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2.3.3 A more complex example, an RPN calculator

We create a small stack-based RPN calculator which applies a series of operators to a given parameter and to other numeric operands. Unlike previous examples, the code generator is fully parameterized and is able to compile different formulas to different functions. Here is the code for the expression compiler; a sample usage will follow.

 
#include <stdio.h>
#include "lightning.h"

typedef int (*pifi)(int);       /* Pointer to Int Function of Int */

pifi compile_rpn(char *expr)
{
  pifi fn;
  int in;
  fn = (pifi) (jit_get_ip().iptr);
  jit_leaf(1);
  in = jit_arg_i();
  jit_getarg_i(JIT_R0, in);

  while (*expr) {
    char buf[32];
    int n;
    if (sscanf(expr, "%[0-9]%n", buf, &n)) {
      expr += n - 1;
      jit_push_i(JIT_R0);
      jit_movi_i(JIT_R0, atoi(buf));
    } else if (*expr == '+') {
      jit_pop_i(JIT_R1);
      jit_addr_i(JIT_R0, JIT_R1, JIT_R0);
    } else if (*expr == '-') {
      jit_pop_i(JIT_R1);
      jit_subr_i(JIT_R0, JIT_R1, JIT_R0);
    } else if (*expr == '*') {
      jit_pop_i(JIT_R1);
      jit_mulr_i(JIT_R0, JIT_R1, JIT_R0);
    } else if (*expr == '/') {
      jit_pop_i(JIT_R1);
      jit_divr_i(JIT_R0, JIT_R1, JIT_R0);
    } else {
      fprintf(stderr, "cannot compile: %s\n", expr);
      abort();
    }
    ++expr;
  }
  jit_movr_i(JIT_RET, JIT_R0);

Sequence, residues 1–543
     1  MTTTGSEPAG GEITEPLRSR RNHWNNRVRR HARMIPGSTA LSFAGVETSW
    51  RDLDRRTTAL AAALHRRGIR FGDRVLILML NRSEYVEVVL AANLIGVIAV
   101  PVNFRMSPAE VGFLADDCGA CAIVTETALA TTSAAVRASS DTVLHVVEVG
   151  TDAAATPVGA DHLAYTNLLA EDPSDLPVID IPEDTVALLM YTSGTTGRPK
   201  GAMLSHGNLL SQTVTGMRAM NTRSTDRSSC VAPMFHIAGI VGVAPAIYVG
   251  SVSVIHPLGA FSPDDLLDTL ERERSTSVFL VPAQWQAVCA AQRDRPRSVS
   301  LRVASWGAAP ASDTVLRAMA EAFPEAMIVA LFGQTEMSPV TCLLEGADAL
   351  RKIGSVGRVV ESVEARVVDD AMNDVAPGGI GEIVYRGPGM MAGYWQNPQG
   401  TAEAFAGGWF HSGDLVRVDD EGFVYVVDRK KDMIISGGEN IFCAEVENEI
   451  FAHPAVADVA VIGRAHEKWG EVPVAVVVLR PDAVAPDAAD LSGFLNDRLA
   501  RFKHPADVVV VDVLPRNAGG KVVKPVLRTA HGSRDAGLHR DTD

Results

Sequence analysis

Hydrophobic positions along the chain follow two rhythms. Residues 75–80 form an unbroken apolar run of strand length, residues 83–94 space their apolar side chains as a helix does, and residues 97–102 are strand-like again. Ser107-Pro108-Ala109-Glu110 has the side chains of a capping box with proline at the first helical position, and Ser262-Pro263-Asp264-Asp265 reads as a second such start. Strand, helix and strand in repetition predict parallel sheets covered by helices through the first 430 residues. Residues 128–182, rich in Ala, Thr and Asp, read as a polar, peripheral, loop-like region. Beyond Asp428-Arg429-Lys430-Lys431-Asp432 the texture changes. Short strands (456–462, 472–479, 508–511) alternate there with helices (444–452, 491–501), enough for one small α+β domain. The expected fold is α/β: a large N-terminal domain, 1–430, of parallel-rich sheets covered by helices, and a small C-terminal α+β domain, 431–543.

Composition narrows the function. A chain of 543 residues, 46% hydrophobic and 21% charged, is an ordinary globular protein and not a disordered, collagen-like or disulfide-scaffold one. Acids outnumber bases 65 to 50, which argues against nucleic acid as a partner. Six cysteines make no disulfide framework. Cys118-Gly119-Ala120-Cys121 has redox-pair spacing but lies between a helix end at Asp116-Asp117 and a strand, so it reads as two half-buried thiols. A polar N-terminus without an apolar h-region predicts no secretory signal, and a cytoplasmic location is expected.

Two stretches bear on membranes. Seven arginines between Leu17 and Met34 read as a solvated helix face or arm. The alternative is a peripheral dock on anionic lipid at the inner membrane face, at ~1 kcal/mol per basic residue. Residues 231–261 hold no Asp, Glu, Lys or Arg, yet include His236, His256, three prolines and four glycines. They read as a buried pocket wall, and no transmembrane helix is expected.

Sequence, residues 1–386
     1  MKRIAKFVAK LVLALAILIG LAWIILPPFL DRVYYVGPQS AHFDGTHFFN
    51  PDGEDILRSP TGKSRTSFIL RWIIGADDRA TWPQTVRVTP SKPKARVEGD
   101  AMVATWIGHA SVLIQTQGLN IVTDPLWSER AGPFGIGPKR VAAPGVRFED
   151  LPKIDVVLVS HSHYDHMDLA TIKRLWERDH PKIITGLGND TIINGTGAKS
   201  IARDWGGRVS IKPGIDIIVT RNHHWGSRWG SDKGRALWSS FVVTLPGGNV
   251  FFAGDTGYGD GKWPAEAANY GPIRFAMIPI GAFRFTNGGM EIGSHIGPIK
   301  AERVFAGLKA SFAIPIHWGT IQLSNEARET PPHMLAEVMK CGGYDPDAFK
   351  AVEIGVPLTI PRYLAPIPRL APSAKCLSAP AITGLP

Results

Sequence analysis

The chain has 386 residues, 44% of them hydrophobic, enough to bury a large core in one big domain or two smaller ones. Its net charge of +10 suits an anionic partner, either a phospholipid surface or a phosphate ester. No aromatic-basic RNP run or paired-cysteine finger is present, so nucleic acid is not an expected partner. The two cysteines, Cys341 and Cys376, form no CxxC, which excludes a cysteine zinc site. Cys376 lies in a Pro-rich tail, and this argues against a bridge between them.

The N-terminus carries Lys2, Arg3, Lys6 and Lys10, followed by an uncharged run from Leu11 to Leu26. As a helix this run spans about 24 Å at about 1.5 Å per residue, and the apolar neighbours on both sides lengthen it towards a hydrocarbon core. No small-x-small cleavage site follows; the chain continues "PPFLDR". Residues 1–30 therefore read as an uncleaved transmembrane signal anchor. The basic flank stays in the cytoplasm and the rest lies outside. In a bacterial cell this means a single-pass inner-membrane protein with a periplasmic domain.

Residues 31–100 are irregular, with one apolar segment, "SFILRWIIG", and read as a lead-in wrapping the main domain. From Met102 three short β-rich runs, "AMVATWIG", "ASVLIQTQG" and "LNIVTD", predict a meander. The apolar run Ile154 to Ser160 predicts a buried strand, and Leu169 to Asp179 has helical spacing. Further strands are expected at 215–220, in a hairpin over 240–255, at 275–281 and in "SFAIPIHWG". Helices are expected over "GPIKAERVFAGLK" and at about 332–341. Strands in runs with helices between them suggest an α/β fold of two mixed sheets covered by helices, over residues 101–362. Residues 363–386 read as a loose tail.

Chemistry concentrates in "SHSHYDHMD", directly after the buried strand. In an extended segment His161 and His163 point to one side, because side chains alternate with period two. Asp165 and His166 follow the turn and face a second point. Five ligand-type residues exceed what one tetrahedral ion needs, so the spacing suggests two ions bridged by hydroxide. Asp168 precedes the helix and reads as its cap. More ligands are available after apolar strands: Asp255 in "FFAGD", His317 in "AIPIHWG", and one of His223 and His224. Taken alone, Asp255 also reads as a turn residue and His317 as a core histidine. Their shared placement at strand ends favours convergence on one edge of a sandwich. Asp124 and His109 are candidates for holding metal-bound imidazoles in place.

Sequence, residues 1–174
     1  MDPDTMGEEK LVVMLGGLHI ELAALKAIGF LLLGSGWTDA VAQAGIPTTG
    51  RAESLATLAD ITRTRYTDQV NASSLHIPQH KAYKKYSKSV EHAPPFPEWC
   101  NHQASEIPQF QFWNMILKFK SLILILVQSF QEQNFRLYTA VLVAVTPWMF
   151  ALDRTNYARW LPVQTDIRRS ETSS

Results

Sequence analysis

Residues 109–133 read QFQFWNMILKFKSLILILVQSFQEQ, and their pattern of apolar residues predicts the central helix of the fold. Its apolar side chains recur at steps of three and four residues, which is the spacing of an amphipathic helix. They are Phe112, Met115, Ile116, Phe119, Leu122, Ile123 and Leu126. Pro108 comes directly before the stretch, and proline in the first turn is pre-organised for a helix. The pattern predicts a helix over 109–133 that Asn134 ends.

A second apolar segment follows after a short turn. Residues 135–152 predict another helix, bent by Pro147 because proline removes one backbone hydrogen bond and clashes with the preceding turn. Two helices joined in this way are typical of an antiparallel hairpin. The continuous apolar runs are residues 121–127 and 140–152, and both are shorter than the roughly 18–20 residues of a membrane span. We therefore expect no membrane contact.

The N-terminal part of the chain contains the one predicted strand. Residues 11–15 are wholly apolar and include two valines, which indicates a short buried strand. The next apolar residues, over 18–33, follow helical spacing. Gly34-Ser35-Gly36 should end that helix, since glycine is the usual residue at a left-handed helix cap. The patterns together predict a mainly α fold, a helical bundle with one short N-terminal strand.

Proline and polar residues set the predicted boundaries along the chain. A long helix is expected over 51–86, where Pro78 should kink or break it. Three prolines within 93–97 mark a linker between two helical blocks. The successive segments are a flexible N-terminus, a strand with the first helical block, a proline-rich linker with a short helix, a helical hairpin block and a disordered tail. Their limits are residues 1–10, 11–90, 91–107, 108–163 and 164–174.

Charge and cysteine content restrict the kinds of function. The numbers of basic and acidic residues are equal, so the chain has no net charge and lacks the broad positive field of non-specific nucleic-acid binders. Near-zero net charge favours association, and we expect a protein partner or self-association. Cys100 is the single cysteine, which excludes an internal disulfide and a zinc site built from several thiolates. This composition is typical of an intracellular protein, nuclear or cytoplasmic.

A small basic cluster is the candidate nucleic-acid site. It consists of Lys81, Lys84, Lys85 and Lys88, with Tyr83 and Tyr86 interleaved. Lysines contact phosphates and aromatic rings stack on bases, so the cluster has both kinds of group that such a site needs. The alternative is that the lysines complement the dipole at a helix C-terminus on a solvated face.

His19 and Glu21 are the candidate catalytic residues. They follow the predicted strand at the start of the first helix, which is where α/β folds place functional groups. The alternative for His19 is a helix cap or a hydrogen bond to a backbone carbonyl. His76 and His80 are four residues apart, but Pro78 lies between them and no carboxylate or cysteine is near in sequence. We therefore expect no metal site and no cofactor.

jit_ret();
  return fn;
}

The principle on which the calculator is based is easy: the stack top is held in R0, while the remaining items of the stack are held on the hardware stack. Compiling an operand pushes the old stack top onto the stack and moves the operand into R0; compiling an operator pops the second operand off the stack into R1, and compiles the operation so that the result goes into R0, thus becoming the new stack top.

Try to locate a call to jit_set_ip in the source code. You will not find one; this means that the client has to manually set the instruction pointer. This technique has one advantage and one drawback. The advantage is that the client can simply set the instruction pointer once and then generate code for multiple functions, one after another, without caring about passing a different instruction pointer each time; see Re-entrant usage of GNU lightning for the disadvantage.

Source code for the client (which lies in the same source file) follows:

 
static jit_insn codeBuffer[1024];

int main()
{
  pifi c2f, f2c;
  int i;

  jit_set_ip(codeBuffer);
  c2f = compile_rpn("9*5/32+");
  f2c = compile_rpn("32-5*9/");
  jit_flush_code(codeBuffer, jit_get_ip().ptr);

  printf("\nC:");
  for (i = 0; i <= 100; i += 10) printf("%3d ", i);
  printf("\nF:");
  for (i = 0; i <= 100; i += 10) printf("%3d ", c2f(i));
  printf("\n");

  printf("\nF:");
  for (i = 32; i <= 212; i += 10) printf("%3d ", i);
  printf("\nC:");
  for (i = 32; i <= 212; i += 10) printf("%3d ", f2c(i));
  printf("\n");
  return 0;
}

The client displays a conversion table between Celsius and Fahrenheit degrees (both Celsius-to-Fahrenheit and Fahrenheit-to-Celsius). The formulas are, and , respectively.

Providing the formula as an argument to compile_rpn effectively parameterizes code generation, making it possible to use the same code to compile different functions; this is what makes dynamic code generation so powerful.

The `rpn.c' file in the GNU lightning distribution includes a more complete (and more complex) implementation of compile_rpn, which does constant folding, allows the argument to the functions to be used more than once, and is able to assemble instructions with an immediate parameter.


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This document was generated by Alistair Turnbull on April, 12 2005 using texi2html